It makes for excellent dinner party conversation when you announce that you live on a boat. You will see people’s eye light up as they imagine the adventures you experience, and the guts it takes to leave ordinary society for a different way of living. While some will imagine you like Bill Gates on his superyacht, others will be envisaging Captain Jack Sparrow on his salty old pirate ship or even Rosie and Jim on their narrowboat. The reality is somewhere in between.
Choosing to live on a boat isn’t for everyone. Just the fact that you’re considering it, however, means that you might be one of those folk who finds the quirks of a life spent bobbing on the sea, river or lake charming. There is much to consider, from the type of boat you buy, to where you will moor it, plus several lifestyle considerations to take into account.
Whilst sailing the world, or choosing a transient lifestyle is one option, living on a boat doesn’t have to involve moving every few weeks. Permanent residence moorings are widely available, even though the increasing popularity means waiting lists in some cities are as long as an anchor chain. In London, for example, more than 10,000 people live on boats, and 25% of England’s 33,000 inland boats are permanent residences. All over the world, from Hong Kong to San Diego, communities of residential boats are gaining popularity as people escape the urban squash. Yet they will be the first to admit that the lifestyle isn’t for everyone. So let’s take a look at the pros and cons of living on a boat year round.
The Pros of Living on a Boat
A Relaxed Lifestyle: In an era when modern life is getting faster-paced, more demanding and more stressful, slowing down and savouring life can be hard. Unless you’re on a boat. The sense of freedom and embracing of nature are just the beginning. It’s impossible to be materialistic, as there simply isn’t room to store anything surplus to absolute requirement. Cooking becomes simplified, clothing whittled down to necessities and trinkets a thing of the past. Life on the water is casual, laid-back and independent.
A Healthier, More Active Way of Life: As our lives become ever more sedentary, and gym memberships vital in keeping us moving, our health can ultimately suffer. Exercise is the backbone of wellness, and on a boat, you’ll have no choice but to be active. Cleaning and maintenance, the daily upkeep of a boat, is an exercise in itself. Add to that longer walks to the nearest town, or even to where your car is parked, as well as the pure joys of walking in nature, swimming, snorkeling and kayaking, and you’ll find your fitness levels improve in no time.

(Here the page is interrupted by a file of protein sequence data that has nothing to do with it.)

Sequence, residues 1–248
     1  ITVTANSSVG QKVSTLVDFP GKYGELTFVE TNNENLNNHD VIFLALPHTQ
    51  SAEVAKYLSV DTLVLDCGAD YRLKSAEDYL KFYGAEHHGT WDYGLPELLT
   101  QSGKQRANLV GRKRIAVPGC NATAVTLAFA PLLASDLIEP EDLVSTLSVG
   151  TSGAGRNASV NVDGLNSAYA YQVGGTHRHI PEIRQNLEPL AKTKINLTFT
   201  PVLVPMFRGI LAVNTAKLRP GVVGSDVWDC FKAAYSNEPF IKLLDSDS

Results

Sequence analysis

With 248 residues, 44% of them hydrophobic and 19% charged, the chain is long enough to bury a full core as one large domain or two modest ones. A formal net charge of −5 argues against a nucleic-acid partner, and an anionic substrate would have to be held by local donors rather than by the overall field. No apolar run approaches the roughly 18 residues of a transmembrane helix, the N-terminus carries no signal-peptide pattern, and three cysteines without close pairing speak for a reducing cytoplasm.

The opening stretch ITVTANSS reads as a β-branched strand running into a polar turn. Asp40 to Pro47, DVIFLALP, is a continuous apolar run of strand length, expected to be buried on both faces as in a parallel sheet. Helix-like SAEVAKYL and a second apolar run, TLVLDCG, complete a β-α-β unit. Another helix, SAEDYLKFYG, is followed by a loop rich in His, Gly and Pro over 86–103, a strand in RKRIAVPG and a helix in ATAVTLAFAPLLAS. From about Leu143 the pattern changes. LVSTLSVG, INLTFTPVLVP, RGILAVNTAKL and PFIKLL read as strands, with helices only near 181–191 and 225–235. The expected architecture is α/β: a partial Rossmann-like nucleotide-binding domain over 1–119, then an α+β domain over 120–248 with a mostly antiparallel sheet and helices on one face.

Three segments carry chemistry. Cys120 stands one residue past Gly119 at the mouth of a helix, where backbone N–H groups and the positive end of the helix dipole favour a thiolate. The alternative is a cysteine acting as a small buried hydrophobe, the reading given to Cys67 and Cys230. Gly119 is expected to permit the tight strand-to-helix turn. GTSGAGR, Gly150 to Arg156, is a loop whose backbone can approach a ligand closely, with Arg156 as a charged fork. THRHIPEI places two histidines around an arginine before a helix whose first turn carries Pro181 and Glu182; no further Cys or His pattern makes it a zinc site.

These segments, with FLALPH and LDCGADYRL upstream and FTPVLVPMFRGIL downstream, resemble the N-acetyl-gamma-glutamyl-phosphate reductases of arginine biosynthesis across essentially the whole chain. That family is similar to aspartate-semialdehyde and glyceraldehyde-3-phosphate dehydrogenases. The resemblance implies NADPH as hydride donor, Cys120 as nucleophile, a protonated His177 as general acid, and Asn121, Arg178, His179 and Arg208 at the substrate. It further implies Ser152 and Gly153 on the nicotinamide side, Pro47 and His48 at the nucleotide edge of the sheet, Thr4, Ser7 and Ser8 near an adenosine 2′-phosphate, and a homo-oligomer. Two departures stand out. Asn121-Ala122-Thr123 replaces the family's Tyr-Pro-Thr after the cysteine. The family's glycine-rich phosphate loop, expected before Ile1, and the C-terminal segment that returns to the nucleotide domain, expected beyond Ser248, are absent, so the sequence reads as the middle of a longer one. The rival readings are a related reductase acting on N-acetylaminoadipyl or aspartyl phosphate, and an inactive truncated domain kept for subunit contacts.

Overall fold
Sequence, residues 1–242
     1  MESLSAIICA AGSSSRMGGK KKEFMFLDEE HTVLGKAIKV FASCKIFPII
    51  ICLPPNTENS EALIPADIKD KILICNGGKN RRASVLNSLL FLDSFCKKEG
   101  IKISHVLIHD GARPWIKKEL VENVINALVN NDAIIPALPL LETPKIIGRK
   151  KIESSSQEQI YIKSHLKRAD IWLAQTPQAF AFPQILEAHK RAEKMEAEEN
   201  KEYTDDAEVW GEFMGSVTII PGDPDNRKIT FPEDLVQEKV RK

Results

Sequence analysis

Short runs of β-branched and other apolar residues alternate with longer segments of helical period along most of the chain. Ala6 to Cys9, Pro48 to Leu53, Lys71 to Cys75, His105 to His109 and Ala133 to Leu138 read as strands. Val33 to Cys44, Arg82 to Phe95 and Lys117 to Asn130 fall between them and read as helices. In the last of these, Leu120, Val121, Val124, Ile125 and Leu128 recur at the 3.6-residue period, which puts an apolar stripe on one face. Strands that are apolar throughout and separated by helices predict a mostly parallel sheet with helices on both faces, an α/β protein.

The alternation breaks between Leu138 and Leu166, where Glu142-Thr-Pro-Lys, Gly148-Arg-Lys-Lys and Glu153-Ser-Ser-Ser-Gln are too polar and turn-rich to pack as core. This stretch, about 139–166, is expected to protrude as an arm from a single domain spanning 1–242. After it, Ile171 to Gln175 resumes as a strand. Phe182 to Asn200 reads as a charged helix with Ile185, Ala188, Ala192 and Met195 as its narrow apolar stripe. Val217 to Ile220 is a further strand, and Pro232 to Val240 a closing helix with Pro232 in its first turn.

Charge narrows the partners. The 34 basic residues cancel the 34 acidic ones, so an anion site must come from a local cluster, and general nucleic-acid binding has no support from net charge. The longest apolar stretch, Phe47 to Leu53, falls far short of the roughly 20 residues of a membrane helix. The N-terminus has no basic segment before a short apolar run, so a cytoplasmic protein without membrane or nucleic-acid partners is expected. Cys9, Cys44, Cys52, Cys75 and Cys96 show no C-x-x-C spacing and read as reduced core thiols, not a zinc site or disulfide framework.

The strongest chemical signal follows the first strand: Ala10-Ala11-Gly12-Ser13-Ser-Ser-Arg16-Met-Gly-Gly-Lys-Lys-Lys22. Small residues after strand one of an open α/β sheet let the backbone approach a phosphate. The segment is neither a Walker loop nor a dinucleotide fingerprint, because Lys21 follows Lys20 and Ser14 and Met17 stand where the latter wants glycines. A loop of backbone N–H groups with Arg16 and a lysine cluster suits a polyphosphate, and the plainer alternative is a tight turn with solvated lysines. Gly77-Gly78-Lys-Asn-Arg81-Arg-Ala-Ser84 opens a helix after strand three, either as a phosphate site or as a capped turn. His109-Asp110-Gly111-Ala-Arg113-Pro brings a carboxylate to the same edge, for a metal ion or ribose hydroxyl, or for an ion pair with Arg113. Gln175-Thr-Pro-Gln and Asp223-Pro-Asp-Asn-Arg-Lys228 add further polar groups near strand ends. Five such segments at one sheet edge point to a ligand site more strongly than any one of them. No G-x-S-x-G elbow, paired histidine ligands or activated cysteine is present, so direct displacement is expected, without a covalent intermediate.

A Lower Cost of Living: We often associate living on a boat with wealth and prestige. But the reality is that living on a boat is often more affordable that land-based accommodation. In the world’s big cities, with housing prices skyrocketing, more and more people are taking to the water as a more affordable option. In Vancouver, for example, a residential mooring (including electricity, parking, internet, laundry, and showers) costs around $550 a month. Compare that to a minimum of $1100 a month for a small apartment and the savings can be huge. Even adding in the monthly cost of marine mortgage repayment (see our guide to Financing Your Next Boat) and you easily save money.
A Deep Sense of Community and Safety: Boat life attracts a certain type of person, and together boating communities are strong and tight-knit. A problem shared is a problem halved is the motto of a water community, and you will not only learn from your neighbors but become close to them. The demographics might be wide – retirees, students, professionals, young families – but the overall ethos and approach to life remains the same. It is this closeness which makes living in a boating community often safer than living on land. Indeed, crime rates are considerably lower in marinas than on housing estates. Strangers are noticed immediately, boats can be left unlocked, and in many marinas CCTV is widespread.